Asking this “1-10 recommendation” question directly may creep out your customers. Thus, you can run a quick survey and send a mini feedback form of 4-5 simple questions to sound more professional.

Miscellaneous: Other KPIs that You Can Keep on Your Business Radar

Miscellaneous Other KPIs that You Can Keep on Your Business Radar

  • Turnover

    People often confuse Turnover with Revenue. But they’re very different from each other.

    Revenue is strictly related to the money a business makes. Whereas Turnover is a metric that tells you the efficiency your company is utilizing its assets with. These assets might include inventory (goods, materials, or fixed assets), human resources (workforce), or cash.

    There are three types of turnover:

    • Cash turnover: This tells you the number of times your business has spent cash or money within a certain period.
      Cash turnover = (Cash equivalents + Liquid cash in hand) / Total Payable Cash
    • Inventory turnover: This tells you the rate at which your business inventory is replaced, used, and sold.
      Inventory turnover = Total cost of sold goods / Average number of inventory
    • Employee turnover: It tells you about your employee retention which affects your overall business growth significantly.
      Employee turnover = Number of employees who left your company / Current total number of employees in the company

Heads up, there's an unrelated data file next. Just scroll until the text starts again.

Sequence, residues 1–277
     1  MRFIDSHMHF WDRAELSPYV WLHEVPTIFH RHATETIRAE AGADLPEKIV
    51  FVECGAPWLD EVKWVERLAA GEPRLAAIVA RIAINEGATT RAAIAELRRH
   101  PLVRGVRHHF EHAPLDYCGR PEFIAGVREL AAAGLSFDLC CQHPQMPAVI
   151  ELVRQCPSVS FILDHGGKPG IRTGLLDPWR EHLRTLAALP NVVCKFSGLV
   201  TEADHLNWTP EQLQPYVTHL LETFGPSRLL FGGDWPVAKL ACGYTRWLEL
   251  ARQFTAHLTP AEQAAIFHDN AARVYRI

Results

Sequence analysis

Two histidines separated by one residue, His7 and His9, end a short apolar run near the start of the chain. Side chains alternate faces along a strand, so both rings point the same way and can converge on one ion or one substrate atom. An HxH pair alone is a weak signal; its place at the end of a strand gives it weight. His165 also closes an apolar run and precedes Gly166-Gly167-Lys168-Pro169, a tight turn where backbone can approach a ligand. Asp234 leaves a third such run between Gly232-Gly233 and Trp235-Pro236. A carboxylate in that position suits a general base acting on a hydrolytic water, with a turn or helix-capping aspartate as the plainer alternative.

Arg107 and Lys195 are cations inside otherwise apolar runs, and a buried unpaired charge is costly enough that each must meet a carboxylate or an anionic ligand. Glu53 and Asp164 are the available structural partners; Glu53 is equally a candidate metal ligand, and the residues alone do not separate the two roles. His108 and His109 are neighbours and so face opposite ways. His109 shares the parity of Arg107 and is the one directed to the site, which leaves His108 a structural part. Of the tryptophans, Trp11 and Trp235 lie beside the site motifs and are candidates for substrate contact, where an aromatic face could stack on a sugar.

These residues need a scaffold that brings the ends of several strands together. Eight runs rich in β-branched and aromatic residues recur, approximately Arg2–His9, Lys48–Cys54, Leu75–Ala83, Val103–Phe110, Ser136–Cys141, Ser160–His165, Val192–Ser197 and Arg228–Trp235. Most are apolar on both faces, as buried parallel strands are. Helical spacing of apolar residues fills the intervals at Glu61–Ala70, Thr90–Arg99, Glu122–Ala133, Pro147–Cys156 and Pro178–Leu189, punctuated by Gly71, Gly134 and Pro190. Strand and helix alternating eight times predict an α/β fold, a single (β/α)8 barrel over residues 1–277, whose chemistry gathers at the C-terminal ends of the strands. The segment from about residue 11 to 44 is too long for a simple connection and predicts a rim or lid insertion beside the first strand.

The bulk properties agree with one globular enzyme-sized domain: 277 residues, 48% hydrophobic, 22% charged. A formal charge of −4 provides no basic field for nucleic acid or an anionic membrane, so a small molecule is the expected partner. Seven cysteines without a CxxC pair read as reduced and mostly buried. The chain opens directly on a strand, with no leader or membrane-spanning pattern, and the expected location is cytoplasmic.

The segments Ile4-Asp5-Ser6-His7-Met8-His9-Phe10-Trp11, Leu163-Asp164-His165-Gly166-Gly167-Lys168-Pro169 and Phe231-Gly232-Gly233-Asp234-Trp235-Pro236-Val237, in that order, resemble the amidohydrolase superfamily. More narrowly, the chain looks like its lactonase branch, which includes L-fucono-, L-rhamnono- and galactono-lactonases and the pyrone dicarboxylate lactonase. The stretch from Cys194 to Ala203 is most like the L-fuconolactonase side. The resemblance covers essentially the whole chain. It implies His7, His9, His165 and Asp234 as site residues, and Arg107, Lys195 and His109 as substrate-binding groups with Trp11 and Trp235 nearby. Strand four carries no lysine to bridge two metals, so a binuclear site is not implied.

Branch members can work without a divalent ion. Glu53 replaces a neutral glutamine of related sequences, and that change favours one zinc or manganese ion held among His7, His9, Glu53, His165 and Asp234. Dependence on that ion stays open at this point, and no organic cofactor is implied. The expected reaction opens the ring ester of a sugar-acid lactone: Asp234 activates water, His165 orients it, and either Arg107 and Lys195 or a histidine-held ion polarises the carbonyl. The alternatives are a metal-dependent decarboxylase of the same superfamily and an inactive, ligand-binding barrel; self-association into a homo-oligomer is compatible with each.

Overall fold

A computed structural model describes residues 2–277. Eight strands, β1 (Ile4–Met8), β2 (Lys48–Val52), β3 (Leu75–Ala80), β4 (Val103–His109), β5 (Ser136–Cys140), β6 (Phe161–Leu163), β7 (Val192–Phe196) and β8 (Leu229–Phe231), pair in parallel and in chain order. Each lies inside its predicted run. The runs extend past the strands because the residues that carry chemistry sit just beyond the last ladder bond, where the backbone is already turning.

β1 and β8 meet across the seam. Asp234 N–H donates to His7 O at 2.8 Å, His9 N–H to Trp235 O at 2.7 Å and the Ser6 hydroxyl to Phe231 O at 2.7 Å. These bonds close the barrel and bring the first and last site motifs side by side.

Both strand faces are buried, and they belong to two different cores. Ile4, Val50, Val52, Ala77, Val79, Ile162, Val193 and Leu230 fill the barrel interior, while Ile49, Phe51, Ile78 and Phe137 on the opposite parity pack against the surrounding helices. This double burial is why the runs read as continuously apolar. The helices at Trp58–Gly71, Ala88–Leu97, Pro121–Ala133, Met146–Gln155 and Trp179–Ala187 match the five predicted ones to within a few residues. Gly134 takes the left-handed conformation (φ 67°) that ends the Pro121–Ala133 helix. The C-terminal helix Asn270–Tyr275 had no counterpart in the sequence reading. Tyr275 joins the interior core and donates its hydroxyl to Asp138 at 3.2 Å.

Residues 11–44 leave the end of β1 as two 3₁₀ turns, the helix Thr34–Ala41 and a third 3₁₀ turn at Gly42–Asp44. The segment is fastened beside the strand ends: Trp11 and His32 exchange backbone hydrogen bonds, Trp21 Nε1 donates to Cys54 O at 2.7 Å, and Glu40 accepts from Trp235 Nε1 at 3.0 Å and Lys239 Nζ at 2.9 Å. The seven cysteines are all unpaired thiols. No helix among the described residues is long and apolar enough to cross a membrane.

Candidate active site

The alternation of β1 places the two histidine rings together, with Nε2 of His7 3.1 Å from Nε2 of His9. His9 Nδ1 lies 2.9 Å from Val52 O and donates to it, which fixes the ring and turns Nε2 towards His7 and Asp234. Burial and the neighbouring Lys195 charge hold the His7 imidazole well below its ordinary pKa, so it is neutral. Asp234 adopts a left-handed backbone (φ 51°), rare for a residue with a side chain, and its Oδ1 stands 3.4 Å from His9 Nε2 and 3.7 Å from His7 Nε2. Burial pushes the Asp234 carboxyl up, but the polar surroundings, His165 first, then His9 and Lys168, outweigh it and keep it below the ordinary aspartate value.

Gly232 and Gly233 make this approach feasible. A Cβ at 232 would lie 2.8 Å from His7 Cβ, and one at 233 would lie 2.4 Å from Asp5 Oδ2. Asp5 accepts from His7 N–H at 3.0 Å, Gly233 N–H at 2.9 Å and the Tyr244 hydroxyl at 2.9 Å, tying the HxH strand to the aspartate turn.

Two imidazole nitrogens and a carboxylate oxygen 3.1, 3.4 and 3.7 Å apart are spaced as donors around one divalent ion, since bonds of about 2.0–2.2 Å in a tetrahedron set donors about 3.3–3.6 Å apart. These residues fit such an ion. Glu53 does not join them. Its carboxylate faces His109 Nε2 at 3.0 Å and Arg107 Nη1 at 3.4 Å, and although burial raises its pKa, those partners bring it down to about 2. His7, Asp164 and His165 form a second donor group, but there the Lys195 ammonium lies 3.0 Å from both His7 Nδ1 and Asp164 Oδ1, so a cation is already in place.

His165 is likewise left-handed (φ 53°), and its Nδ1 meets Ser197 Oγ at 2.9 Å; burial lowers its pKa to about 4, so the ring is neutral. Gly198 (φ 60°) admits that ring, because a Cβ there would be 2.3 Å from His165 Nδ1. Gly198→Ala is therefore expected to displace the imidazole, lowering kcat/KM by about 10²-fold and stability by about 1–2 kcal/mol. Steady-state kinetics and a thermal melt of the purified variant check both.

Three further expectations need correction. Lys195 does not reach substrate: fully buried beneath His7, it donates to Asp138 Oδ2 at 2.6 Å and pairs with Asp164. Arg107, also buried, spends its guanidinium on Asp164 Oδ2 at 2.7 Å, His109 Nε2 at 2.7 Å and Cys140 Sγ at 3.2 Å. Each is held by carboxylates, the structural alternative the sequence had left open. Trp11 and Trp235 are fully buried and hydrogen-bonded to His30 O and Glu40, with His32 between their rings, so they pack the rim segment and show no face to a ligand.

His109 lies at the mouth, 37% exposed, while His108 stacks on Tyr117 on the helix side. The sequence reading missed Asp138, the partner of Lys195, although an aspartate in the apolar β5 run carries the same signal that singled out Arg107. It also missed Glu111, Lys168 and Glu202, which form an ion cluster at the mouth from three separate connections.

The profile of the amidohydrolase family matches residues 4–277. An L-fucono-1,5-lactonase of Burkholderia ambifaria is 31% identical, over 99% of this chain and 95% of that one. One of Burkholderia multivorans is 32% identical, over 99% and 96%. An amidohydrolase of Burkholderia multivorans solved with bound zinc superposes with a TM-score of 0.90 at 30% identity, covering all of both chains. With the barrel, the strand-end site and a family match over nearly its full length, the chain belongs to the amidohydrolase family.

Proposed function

• CSAT Score

    One of the most important Customers Service KPIs is the CSAT score. It’s the best way to evaluate the overall customer experience of your business. Similar to the Net Promoter Score, you can ask your customers directly if they’re satisfied with your service. This metric will help you assess the customer retention rate of your company. You can identify the loopholes and fix them to improve your net CSAT score.

  • Relative Market Share

    Knowing the Relative Market Share of your business is an excellent way to find out where your business stands in the market. It helps you realize your authority in your industry market; against your competitors.

    Before calculating the RMS, let’s see how you can calculate your market share in the industry.

    Your Market Share = Total sales made by your company / Total sales made in your industry
    Relative Market Share = (Your market share / Competitor’s market share) 100

    By calculating your RMS, you can find out your closest competitor, learn the industry better, and help your (potential) investors see your company’s potential.


There can be millions of metrics and thousands of KPIs in your business. But you have to pick the ones that are useful for you.

Even in the KPIs provided in this article, your priority will change with time and your business objectives. While some KPIs will always be there, some will be altered.

But your goal should be to keep hitting the bullseye by sticking to your goals until you achieve them.